Comparison among Hoya ND8.ND64, ND1000

Wide angle close ups of waves and rocks - One of a kind

At the shore, if you find rocks (or even pebbles) and waves hitting at them, you know it is a golden opportunity to bring your creativity out there. The waves will not be very high, they will mostly be on their return course, and with proper timing, exposure and filters, you can get very good images!

Nikon D750, Nikkor 24-120, 0.25", f/10, ISO 100, 24 mm, Hoya PROND EX 64.

I found some very dark clouds when I went to the shore to get the wide angle frames. The above photo shows returning waves after just touching the rock. The next photo is a one of the waves crashing at the same rock, hiding it and just touching the sand below.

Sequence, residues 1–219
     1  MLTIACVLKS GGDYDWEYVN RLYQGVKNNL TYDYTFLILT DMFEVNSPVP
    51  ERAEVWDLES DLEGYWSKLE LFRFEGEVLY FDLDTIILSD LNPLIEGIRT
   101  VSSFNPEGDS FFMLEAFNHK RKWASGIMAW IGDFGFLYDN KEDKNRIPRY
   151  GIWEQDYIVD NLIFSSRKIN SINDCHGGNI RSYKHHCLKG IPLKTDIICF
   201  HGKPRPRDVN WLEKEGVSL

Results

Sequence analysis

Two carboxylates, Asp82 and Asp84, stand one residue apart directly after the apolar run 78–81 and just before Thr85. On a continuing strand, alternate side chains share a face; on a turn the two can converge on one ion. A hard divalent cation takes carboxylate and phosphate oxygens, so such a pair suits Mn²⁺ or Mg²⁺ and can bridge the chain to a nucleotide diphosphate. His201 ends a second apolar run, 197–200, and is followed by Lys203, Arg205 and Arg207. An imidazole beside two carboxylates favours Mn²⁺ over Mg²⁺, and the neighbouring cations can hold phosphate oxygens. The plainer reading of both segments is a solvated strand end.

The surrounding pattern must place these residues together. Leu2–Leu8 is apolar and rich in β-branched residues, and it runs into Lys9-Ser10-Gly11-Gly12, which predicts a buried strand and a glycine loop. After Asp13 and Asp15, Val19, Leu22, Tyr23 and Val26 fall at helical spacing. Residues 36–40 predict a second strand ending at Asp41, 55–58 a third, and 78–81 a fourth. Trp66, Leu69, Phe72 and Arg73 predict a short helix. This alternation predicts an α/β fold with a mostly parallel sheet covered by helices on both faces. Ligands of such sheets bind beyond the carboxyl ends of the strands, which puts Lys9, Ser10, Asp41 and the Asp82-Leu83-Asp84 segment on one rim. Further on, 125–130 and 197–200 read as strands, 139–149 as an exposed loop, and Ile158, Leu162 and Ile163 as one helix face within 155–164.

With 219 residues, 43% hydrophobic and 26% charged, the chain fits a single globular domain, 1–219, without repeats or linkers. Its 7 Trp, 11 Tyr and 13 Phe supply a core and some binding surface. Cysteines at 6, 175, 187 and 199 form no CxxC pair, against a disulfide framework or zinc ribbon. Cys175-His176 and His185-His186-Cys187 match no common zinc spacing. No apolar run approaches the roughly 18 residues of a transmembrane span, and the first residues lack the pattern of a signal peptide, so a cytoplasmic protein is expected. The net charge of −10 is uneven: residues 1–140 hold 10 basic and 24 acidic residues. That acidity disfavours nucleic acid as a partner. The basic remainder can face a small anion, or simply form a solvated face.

Nikon D750, Nikkor 24-120, 0.25", f/10, ISO 100, 24 mm, Hoya PROND EX 64.

Bring human elements to the frame (and make sure they don't move)

If you are getting humans in the frame, do make sure that they don't move a lot, else they will get blurry and will kind of ruin the overall sense of the image. I found my friend standing in front of the rocks and also a mother-daughter pair sitting on one of the faraway rocks. Both the images are clicked with the same exif: Nikon D750, Nikkor 24-120, 0.25", f/10, ISO 100, 24 mm, Hoya PROND EX 64.

Which ND filters to buy for seascapes?

Depending on you genre of photography, you will need to figure out the filter factor (or ND number) and the optical density factor according to the amount of light you need to block from entering your lens. Below is a chart from Hoya depicting the ND number, optical density and other factors in determining the type of filter you need.